7. Larceny-Theft UCR definition: The unlawful taking, carrying, leading, or riding away of property from the possession, or constructive possession, of another Does not involve force or other means of illegal entry Generally less frightening than burglar A crime of opportunity

8. Prevalence and Profile of Larceny-Theft Most frequently-occurring property offense Theft from motor vehicles is largest category Pocket picking and purse snatching fairly rare Thefts from large structures (buildings) generate greater losses than petty-level personal thefts Over 1/3rd of all losses are under $50

9. Theft on College Campuses Larceny is the most frequent crime on college campuses University staff at highest risk, followed by faculty Students have lowest rates of theft victimization Campus design is a major determinant of differences in theft rates

10. Motor Vehicle Theft UCR definition: The theft or attempted theft of a motor vehicle Automobiles are the most commonly-stolen type of vehicle Given special focus by UCR: Frequency of crime Cultural association of automobiles with status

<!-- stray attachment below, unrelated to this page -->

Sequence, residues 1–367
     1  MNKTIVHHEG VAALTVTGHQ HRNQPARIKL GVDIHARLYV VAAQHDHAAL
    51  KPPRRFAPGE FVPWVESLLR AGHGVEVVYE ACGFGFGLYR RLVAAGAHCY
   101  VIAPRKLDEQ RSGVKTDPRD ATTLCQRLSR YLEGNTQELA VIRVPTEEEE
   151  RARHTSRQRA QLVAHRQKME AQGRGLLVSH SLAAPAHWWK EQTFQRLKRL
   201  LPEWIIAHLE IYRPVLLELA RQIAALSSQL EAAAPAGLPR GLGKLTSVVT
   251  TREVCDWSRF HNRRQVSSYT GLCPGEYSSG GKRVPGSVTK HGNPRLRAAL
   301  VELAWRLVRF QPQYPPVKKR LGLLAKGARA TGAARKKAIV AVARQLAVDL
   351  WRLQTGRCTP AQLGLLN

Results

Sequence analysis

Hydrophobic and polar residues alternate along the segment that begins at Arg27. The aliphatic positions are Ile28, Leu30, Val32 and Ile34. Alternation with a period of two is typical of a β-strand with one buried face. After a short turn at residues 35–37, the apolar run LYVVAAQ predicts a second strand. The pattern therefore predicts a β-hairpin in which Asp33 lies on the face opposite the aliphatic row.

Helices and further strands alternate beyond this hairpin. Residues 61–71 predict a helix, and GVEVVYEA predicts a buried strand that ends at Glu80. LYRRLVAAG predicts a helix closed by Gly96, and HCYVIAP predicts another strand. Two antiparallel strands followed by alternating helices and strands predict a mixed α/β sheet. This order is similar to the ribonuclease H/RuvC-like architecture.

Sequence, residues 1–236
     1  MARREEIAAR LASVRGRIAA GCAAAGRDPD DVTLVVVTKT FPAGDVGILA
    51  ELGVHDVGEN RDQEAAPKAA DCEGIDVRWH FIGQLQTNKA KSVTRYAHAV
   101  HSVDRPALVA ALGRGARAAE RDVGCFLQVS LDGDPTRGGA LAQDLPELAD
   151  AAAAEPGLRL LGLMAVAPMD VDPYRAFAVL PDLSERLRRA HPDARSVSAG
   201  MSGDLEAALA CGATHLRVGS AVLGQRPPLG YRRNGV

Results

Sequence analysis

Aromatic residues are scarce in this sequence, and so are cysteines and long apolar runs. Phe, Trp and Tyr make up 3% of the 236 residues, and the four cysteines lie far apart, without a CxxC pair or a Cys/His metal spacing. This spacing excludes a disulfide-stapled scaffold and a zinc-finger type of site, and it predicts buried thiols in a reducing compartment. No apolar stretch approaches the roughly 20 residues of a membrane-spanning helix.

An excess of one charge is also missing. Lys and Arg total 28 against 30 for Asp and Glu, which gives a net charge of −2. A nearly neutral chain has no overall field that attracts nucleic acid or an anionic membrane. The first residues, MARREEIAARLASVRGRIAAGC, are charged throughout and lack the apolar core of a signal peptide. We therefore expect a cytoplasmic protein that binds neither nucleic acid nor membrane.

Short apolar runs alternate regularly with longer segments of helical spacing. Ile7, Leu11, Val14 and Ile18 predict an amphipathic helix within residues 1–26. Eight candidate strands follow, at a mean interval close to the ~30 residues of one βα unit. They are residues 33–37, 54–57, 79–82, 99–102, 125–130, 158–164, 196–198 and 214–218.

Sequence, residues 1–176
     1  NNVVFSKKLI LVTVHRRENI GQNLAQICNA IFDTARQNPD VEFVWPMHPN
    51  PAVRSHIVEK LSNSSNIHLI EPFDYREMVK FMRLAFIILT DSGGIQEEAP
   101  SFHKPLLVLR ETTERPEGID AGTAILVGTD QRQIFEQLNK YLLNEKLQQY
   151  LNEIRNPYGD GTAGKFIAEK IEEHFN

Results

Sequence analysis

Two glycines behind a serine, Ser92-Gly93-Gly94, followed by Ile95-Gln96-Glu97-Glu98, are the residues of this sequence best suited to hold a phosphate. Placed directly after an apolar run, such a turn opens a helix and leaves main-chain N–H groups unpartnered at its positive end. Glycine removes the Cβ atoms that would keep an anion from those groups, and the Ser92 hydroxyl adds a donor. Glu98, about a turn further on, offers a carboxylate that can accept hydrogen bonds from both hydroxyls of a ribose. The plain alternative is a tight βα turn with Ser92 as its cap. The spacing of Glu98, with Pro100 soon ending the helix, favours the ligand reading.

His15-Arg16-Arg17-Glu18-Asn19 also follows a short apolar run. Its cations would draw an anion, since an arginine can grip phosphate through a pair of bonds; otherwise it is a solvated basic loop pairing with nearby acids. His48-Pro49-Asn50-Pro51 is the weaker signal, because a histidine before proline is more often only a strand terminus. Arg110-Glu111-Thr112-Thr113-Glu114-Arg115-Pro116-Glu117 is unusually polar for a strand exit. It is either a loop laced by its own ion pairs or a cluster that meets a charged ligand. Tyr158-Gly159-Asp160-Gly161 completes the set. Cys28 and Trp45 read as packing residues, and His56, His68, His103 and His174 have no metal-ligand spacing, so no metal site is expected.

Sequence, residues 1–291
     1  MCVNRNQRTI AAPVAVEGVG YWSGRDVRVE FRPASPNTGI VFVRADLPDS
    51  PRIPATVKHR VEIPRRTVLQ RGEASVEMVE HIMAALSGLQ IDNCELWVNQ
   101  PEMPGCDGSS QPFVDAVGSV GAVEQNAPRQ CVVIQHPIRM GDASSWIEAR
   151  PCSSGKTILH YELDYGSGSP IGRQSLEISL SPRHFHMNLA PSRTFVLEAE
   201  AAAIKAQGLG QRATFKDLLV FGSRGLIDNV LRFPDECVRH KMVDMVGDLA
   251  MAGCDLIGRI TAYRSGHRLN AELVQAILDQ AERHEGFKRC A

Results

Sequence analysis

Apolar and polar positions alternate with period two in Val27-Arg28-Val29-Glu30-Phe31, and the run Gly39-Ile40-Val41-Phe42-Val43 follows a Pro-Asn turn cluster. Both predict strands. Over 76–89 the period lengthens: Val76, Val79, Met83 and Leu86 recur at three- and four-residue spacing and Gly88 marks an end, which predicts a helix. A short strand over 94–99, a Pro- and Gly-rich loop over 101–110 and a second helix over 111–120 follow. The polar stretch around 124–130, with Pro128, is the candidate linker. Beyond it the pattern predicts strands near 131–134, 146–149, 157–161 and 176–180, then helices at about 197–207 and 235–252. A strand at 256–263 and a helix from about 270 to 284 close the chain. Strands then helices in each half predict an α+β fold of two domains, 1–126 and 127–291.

11. Prevalence and Profile of Motor Vehicle Theft Largest percentage of vehicles stolen from parking lot or garage Significant percentage stolen at or near residence of victim Highly-reported crime, especially completed thefts

12. Prevalence and Profile of Motor Vehicle Theft Reasons for motor vehicle theft Joyriding Temporary transportation needs Use in a crime Stripping

13. Theft of Car Parts Motivations Car parts may be worth a lot Can be sold easily Harder to identify than entire cars External vehicle parts most frequently stolen items

14. Joyriders: Car Theft for Fun Committed by groups of teens for fun Expressive act with little or no extrinsic value Most vehicles stolen by joyriders are recovered Usually abandoned Often after having been crashed

15. Jockeys: Car Theft for Profit Jockey: A professional car thief involved regularly in calculated, steal-to-order car theft The most serious and costly form of auto theft Less common than thefts for other uses Planning and calculation involved in target selection Lowest auto recovery rates